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Automatic Selection and Distribution of a Network System Clock

IP.com Disclosure Number: IPCOM000115049D
Original Publication Date: 1995-Mar-01
Included in the Prior Art Database: 2005-Mar-30
Document File: 4 page(s) / 138K

Publishing Venue

IBM

Related People

Cazaentre, JM: AUTHOR [+5]

Abstract

New voice and video applications require the network interface bandwidth managers to service information in a continuous bit stream. When continuous bit stream transmission is required, non-synchronous transmission methods are not sufficient to guarantee certain grades of service to the customer for transmission of synchronous information.

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This is the abbreviated version, containing approximately 48% of the total text.

Automatic Selection and Distribution of a Network System Clock

      New voice and video applications require the network interface
bandwidth managers to service information in a continuous bit stream.
When continuous bit stream transmission is required, non-synchronous
transmission methods are not sufficient to guarantee certain grades
of service to the customer for transmission of synchronous
information.

      Synchronous signals that are transported through the network,
require the distribution of a high-accuracy clock at both ends of the
network to synchronize the transmitter and receiver in a network.  If
the transmitter sends at a bit rate higher than the receiver, the
switching system will overflow causing a frame to be lost.  If the
transmitter sends at a bit rate lower than that used by the receiver,
the switching system underflows and requires retransmission of the
frame.  Either occurrence is called a controlled slip.  The impact of
slips are a reduction of throughput on digital data, a click on
voice, and a drop-out of a call on voice-band data or facsimile.

      In continuous bit stream transmission, the number of bits into
the network must be equal to the number of bits out of the network.
With stratum 3 frequency tolerances of 20 parts per million at both
the transmit and receiving ends of a network, this amounts to four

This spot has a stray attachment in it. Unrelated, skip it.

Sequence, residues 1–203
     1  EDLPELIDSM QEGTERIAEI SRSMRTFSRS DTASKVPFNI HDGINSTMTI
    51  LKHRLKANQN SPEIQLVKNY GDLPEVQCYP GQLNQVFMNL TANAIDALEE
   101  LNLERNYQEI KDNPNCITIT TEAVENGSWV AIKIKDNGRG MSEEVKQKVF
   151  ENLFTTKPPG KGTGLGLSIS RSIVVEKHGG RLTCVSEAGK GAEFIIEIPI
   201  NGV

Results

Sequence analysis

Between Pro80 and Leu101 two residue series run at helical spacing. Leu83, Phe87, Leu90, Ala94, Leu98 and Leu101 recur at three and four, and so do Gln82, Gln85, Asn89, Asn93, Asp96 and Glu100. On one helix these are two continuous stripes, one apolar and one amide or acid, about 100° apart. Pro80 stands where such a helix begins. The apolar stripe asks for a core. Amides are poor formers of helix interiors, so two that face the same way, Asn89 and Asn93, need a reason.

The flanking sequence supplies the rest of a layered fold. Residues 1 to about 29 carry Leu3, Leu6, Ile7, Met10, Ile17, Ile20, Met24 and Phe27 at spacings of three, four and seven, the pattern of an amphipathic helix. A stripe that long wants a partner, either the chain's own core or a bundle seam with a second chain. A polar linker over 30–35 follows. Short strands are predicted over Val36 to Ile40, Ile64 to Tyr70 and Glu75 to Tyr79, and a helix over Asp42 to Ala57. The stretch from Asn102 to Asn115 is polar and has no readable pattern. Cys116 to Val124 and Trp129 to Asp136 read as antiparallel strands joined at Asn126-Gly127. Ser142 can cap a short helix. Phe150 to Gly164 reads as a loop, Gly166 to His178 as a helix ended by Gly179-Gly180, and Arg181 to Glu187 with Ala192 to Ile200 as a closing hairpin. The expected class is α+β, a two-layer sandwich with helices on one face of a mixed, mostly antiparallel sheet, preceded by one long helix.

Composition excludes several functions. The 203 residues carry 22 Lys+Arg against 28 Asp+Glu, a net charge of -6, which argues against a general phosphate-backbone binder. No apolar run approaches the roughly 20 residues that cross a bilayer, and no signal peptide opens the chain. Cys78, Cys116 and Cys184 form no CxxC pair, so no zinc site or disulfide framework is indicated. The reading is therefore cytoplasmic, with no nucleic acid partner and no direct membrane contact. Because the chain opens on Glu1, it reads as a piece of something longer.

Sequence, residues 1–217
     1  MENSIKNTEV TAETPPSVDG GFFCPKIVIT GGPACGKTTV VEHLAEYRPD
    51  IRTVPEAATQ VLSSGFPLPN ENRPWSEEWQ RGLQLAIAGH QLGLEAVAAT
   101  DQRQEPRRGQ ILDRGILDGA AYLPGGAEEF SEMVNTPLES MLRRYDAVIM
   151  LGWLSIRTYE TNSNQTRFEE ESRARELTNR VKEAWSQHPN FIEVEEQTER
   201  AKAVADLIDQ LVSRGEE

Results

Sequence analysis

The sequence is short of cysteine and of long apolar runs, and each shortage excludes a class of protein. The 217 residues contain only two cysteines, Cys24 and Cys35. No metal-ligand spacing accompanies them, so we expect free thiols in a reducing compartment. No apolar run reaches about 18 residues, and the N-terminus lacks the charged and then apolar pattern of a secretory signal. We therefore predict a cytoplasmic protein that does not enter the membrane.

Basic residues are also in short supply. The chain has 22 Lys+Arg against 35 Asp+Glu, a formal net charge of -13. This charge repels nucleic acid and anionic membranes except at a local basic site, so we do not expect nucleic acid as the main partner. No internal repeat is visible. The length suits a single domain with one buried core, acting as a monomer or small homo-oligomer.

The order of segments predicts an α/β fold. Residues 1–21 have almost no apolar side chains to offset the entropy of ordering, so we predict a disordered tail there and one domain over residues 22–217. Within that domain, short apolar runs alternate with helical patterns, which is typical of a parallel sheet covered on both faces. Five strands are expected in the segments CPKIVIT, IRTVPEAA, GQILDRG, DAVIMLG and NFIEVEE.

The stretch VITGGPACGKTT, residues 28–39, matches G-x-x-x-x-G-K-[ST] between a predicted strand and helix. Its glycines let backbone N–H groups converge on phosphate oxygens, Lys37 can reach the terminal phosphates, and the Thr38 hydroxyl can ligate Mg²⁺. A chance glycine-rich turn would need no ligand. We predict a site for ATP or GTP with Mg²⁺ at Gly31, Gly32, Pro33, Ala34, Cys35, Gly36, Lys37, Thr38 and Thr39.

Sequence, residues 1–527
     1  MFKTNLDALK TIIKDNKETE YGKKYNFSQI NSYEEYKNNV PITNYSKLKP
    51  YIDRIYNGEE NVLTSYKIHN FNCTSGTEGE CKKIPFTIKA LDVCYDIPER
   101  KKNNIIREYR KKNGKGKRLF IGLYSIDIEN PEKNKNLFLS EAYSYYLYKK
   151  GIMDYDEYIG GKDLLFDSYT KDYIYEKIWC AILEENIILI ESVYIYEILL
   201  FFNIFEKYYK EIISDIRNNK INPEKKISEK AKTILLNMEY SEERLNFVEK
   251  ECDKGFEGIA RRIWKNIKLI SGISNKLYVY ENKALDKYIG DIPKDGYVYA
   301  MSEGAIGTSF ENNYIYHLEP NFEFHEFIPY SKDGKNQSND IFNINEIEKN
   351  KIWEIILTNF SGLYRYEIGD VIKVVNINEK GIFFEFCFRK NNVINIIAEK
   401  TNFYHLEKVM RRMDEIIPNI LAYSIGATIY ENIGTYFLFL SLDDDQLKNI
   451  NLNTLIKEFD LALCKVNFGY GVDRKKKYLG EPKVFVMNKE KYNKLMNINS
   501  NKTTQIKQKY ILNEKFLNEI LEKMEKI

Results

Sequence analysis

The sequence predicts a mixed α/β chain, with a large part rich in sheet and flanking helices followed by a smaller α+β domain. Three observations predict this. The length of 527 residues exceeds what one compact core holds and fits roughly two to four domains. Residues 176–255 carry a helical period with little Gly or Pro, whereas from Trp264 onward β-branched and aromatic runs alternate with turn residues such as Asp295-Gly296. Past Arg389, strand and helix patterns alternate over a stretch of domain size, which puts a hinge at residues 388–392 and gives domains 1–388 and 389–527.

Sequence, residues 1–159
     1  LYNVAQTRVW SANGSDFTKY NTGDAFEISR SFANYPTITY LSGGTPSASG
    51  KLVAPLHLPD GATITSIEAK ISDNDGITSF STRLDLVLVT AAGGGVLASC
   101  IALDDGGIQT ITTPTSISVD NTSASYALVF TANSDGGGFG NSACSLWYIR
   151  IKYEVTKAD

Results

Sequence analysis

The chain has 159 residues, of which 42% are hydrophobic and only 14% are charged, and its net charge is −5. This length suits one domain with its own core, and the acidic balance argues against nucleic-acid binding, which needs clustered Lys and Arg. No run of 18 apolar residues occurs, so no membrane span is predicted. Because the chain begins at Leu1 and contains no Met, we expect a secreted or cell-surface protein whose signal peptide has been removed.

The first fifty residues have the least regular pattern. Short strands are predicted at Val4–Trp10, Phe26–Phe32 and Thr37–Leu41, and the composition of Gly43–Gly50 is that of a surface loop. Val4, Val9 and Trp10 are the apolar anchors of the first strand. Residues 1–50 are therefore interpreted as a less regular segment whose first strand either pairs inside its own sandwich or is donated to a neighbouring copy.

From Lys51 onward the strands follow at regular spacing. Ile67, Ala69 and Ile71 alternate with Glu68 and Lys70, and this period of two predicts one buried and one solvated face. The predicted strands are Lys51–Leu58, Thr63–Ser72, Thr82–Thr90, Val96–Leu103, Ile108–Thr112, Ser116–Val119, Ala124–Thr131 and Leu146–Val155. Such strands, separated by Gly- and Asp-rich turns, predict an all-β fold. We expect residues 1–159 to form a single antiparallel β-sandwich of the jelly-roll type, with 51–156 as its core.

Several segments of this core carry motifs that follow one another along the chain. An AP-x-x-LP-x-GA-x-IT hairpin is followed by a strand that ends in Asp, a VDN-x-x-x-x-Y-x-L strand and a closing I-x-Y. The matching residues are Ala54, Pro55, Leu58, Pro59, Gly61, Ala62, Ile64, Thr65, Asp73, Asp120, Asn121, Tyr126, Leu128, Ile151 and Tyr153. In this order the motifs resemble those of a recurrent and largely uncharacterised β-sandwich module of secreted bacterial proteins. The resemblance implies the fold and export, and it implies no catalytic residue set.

frame slips every second which is unacceptable.  This technical
report describes a method for ensuring that a highly accurate clock
is distributed to all bandwidth managers in a network.  It also
describes a method for central and distributed clock management in
case of failure.

      To ensure the delivery of a continuous stream of data the
bandwidth manager extracts a highly accurate clock from the network
and synchronizes all its clocks to it (Fig. 1).  Since the receiving
bandwidth manager and the transmitting bandwidth manager synchronize
clocks to the highly accurate clock, frame slips and loss of
information are virtually non-existent.

      As shown in Fig. 2, a central system clock card receives a
number of reference clocks from the various Line Interface Couplers
(LICs).  These reference clocks vary in accuracy depending on their
source.  In addition an external "office clock" can be received if
the accuracy of the networks clocks is not sufficient.  Since the
low-speed LICs can receive four different network clocks, logic on
the low-speed LICs chooses one-of-four clocks and sends it to the
system clock card as a reference.

      The system clock card then prioritizes the accuracy of the
clocks based on initial system configuration parameters.  When
operating in simplex mode with only one clock card installed, the
microcode specifies the system clock to be sent to all LICs.  When
operating in duplex mode with redundancy, the microcode specifies one
clock card as a primary and one clock card as a secondary.  In this
mode of operation, the primary clock card...